Thursday, August 09, 2012

Jeremy helps us get in sync in with async

Jeremy Likness' Blog - Synchronous to Asynchronous Explained

I've posted several articles about the new async and await keywords that are available in Visual Studio 2012, but I still see some people struggle with the concept. How do you make a task asynchronous? When and where do you use the async keyword?

The answer is not simple because the need to process asynchronously depends on a variety of factors. There is overhead when you create a thread. It allocates memory and creates a new synchronization context. Having a thread communicate with other threads is even more expensive and adds complexity to your code. Fortunately, the teams at Microsoft introduced the Task Parallel Library to help simplify how you work with threads. I strongly recommend learning as much as you can about the Task object if you wish to master asynchronous programming.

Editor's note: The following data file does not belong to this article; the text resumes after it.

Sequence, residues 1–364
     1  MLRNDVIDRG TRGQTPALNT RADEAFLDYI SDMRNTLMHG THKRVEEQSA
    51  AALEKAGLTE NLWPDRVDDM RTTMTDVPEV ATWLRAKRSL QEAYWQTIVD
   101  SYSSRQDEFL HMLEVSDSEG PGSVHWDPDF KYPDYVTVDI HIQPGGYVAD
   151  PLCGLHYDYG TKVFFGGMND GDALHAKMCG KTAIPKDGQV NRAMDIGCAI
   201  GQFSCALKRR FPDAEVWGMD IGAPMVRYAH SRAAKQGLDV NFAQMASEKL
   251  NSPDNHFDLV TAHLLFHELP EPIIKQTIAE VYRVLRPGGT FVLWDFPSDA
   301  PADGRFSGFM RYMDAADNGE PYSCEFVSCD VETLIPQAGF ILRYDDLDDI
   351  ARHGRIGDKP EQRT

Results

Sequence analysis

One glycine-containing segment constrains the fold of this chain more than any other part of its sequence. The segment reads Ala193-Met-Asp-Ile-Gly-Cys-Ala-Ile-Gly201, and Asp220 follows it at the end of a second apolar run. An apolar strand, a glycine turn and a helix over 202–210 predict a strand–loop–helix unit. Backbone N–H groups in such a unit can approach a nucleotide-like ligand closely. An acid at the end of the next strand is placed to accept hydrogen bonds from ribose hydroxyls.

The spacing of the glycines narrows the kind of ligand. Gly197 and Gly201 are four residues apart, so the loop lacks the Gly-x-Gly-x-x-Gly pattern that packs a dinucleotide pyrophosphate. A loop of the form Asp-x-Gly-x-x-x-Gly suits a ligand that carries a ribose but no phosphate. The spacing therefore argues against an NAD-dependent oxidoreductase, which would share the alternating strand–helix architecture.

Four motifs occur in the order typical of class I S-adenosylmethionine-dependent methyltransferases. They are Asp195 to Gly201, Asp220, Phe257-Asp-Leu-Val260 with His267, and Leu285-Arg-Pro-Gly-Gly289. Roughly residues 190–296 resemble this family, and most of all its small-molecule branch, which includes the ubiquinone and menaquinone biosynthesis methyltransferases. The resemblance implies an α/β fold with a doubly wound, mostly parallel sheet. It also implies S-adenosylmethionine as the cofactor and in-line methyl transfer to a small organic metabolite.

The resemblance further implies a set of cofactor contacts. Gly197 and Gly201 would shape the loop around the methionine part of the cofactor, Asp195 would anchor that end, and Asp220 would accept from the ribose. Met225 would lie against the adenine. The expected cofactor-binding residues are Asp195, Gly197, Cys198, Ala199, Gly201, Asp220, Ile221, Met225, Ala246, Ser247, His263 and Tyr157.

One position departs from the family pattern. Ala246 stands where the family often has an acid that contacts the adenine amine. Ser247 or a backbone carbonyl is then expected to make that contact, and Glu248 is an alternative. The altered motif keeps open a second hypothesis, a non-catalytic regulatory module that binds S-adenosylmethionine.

There are many cases where the use of asynchronous code is straightforward, and my intent with this article is to show a very simple example to help illustrate how to create an asynchronous task and then use the new keywords to interact with it. The example is a very trivial program that computes prime numbers between 2 and 999999. You can follow along and build this in about 5 minutes.



I liked the approach in this post in how it starts with code we might normally have written and show how it can be converted to run async.

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